士師記 15

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1 過了些日子,到割麥子的時候,參孫著一隻山羊羔去看他的妻,:我要進內室見我的妻。他岳父不容他進去,

2 :我估定你是極其恨他,因此我將他了你的陪伴。他的妹子不是比他還美麗麼?你可以娶來代替他罷!

3 參孫:這回我加害於非利士人不算有罪。

4 於是參孫去捉了狐狸(或譯:野狗),將狐狸尾巴對地捆上,將火把捆在兩條尾巴中間

5 點著把,就放狐狸進入非利士人站著的禾稼,將堆集的禾捆和未割的禾稼,並橄欖園盡都燒了。

6 非利士人:這事是誰做的呢?有人:是亭拿人的女婿參孫,因為他岳父將他的妻了他的陪伴。於是非利士人上去,用燒了婦人和他的父親

7 參孫對非利士人:你們既然這樣行,我必向你們報仇才肯罷休。

8 參孫就擊殺他們,連帶腰都砍斷了。他便去,在以坦磐的穴內。

9 非利士人上去安營在猶大,布散在利希。

10 猶大:你們為何上來攻擊我們呢?他們我們上來是要捆綁參孫;他向我們怎樣行,我們也要向他怎樣行。

11 於是有猶大到以坦磐的穴內,對參孫非利士人轄制我們,你不知道麼?你向我們行的是甚麼事呢?他回答:他們向我怎樣行,我也要向他們怎樣行。

12 猶大人對他:我們來是要捆綁你,將你交在非利士人中。參孫:你們要向我起誓,應承你們自己不害死我。

13 他們:我們斷不殺你,只要將你捆綁交在非利士人中。於是用兩條新繩捆綁參孫,將他從以坦磐帶上去。

14 參孫到了利希,非利士人都迎著喧嚷。耶和華的靈大大感動參孫,他上的繩就像燒的麻一樣,他的綁繩都從他上脫落下

15 他見一塊未乾的腮骨,就伸拾起來,用以擊殺一

16 參孫:我用恉骨殺成堆,用腮骨殺了一

17 完這話,就把那恉骨從裡拋出去了。那地便拉末利希。

18 參孫甚覺口渴,就求告耶和華:你既藉僕人的施行這麼的拯救,豈可任我、落在未受割禮的人中呢?

19 就使利希的窪處裂開,有從其中湧出來。參孫了,精復原;因此那泉名隱哈歌利,那泉直到今日還在利希。

20 非利士人轄制以色列人的時候,參孫作以色列的士師二十年。


Exploring the Meaning of 士師記 15      

Napsal(a) Rev. Julian Duckworth

Judges 15: Samson defeats the Philistines.

At the beginning of this chapter, we learn that the one who gave Samson’s wife to another man was his father-in-law, who thought that Samson truly hated her. He then offered Samson her younger sister instead, saying, “Is she not better? Take her.”

Samson, enraged, took three-hundred foxes and tied them tail-to-tail in pairs, with a lit torch between them. He then released them in the Philistines’ standing grain, vineyards and olive groves to burn up their crops, as revenge for the loss of his wife. In retaliation, the Philistines went and burned her and her father. In a final act of vengeance, Samson killed very many of the Philistines, then went to dwell in the cleft of the rock of Etam.

The Philistines went to Judah, stating their intent to arrest Samson, and the men of Judah passed on the message to him. Samson made the Judeans promise not to kill him themselves, but only to bind him with two new ropes before giving him to the Philistines as a prisoner.

When the Philistines came, Samson broke apart the ropes, and killed a thousand of them with the jawbone of a donkey. Then he threw the jawbone away, and complained to the Lord that he was thirsty. The Lord answered his cry for help by splitting the ground where the jawbone fell, so that Samson could drink the water that flowed from it.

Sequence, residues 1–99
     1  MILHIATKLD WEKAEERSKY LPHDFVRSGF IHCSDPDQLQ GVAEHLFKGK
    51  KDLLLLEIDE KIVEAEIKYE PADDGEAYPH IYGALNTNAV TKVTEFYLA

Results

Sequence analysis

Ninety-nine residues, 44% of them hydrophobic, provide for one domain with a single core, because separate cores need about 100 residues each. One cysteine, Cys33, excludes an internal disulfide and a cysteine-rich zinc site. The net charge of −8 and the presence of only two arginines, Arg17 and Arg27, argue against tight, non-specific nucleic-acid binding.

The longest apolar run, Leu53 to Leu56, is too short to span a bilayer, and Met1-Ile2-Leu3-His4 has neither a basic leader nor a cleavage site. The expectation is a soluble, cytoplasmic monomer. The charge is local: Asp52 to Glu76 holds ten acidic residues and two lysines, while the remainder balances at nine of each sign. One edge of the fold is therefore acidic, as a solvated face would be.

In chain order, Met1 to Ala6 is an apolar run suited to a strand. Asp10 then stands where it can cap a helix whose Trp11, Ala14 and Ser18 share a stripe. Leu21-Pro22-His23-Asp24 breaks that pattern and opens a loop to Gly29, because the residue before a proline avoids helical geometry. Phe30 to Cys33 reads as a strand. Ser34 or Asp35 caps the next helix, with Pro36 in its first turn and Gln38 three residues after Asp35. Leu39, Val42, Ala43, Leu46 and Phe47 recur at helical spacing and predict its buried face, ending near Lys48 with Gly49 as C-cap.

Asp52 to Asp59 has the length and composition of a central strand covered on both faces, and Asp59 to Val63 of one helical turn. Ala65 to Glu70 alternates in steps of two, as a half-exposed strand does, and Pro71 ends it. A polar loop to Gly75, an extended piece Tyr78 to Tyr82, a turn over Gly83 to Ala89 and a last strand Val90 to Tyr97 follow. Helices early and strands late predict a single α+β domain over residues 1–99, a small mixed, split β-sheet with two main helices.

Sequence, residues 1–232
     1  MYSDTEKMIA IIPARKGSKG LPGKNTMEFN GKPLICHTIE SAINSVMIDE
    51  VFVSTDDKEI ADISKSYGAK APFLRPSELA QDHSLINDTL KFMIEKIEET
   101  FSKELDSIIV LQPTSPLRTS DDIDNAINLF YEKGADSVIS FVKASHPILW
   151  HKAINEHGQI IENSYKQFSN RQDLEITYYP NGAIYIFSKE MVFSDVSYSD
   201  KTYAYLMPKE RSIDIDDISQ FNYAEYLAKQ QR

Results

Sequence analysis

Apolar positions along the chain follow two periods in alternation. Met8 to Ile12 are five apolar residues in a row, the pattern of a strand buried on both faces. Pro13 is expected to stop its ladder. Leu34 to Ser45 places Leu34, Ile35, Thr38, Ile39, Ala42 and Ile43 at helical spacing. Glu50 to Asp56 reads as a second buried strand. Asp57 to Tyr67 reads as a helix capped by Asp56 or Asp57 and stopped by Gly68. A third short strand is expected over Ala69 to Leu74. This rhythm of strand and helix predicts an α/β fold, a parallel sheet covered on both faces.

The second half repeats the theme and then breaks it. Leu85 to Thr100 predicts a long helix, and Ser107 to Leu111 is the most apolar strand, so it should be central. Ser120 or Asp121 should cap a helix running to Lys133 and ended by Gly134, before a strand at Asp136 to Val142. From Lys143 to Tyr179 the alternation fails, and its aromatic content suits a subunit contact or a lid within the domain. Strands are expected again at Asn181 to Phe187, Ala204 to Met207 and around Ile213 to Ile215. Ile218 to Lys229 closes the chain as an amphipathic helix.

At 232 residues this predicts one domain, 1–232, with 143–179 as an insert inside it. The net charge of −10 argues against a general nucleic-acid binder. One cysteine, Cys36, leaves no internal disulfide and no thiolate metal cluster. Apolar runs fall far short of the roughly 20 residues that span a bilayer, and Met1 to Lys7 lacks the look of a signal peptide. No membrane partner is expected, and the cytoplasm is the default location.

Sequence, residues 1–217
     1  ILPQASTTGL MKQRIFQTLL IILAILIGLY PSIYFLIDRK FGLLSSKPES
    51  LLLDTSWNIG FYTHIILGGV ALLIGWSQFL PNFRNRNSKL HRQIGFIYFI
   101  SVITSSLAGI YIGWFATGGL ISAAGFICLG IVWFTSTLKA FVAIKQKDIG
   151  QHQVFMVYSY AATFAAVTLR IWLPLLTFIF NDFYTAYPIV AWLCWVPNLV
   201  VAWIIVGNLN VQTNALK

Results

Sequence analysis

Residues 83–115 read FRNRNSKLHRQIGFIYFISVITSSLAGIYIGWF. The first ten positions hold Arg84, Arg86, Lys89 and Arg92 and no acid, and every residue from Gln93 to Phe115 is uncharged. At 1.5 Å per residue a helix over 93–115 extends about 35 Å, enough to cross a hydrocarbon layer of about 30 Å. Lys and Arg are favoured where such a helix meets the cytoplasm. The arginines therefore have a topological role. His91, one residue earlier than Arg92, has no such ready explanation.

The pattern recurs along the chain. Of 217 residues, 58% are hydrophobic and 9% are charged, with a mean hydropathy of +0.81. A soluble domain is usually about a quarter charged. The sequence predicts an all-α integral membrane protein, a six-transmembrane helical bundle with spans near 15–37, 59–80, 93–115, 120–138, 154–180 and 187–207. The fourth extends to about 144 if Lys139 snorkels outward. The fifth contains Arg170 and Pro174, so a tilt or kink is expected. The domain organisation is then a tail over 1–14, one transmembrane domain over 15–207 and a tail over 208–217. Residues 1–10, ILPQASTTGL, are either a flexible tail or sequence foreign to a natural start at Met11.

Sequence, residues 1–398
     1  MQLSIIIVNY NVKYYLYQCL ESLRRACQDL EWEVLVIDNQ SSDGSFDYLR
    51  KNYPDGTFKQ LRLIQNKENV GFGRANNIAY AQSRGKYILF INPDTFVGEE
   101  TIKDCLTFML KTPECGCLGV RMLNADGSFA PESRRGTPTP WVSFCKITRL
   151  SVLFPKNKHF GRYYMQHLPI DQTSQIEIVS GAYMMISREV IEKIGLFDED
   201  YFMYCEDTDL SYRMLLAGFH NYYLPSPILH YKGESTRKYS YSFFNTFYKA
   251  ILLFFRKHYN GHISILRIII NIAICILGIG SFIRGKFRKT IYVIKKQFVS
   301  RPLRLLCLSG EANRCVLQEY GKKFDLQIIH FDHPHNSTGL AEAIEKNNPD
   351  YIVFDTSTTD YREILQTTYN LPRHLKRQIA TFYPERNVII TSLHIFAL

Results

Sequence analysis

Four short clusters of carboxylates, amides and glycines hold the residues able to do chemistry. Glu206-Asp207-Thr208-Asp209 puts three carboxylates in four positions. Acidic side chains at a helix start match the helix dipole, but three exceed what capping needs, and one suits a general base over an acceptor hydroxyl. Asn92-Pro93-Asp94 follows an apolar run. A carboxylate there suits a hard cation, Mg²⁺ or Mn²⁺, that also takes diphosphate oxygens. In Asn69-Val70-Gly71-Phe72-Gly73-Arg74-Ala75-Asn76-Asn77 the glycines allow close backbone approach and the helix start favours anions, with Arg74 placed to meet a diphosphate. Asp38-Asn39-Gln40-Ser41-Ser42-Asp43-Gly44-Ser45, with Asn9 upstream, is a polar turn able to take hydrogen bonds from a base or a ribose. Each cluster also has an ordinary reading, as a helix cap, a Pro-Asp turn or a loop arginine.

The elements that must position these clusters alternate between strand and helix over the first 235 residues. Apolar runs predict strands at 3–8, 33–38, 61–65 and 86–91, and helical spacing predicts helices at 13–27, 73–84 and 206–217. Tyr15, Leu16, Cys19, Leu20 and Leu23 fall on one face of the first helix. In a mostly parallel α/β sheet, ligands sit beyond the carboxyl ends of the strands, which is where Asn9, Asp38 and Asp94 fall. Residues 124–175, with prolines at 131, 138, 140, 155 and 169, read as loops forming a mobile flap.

The final verse of this chapter tells us that Samson judged Israel twenty years.

*****

Samson’s marriage to a Philistine woman speaks to the appealing, or even enticing, nature of ‘faith alone’ spirituality, represented by the Philistines. We must stay on our guard, to ensure that we are not caught up in thinking that faith alone will save us. The father offers Samson his wife’s younger sister, saying she is even better, but Samson had already learned to be wary by that point.

The foxes, tied together with their tails lit on fire, vividly describes the twisted and destructive nature of faith alone, and the way it consumes our potential to lead a fruitful life. The Word often depicts the state of a nation or religion through a story illustrating its true nature (True Christian Religion 130)

The cycle of revenge between Samson and the Philistines represents our personal struggles during temptation and our wish to regenerate. Our whole effort during regeneration is to resist sins that might lure us in, and to maintain our intention to live the Word (see Swedenborg’s work, Divine Providence 83[6]). The men of Judah who bind Samson represent our love for the Lord and for everything of the Lord, although this seems contradictory on a surface level. In this case, being ‘bound up’ means to be bound in our commitment to the Lord, so that we are restrained from doing evil (see Swedenborg’s work, Heaven and Hell 577[4]).

Samson stands for the power of the Word acting in our lives to assert what is true, to protect what must be upheld, and to defend against evils. He uses the jawbone of a donkey because a jawbone allows us to eat food (spiritually, nourishment from the Word), and also to proclaim the Lord’s truths. This gives us the power to expose and reject the belief that spirituality consists of faith alone (see Swedenborg’s work, Arcana Caelestia 9049[6]).

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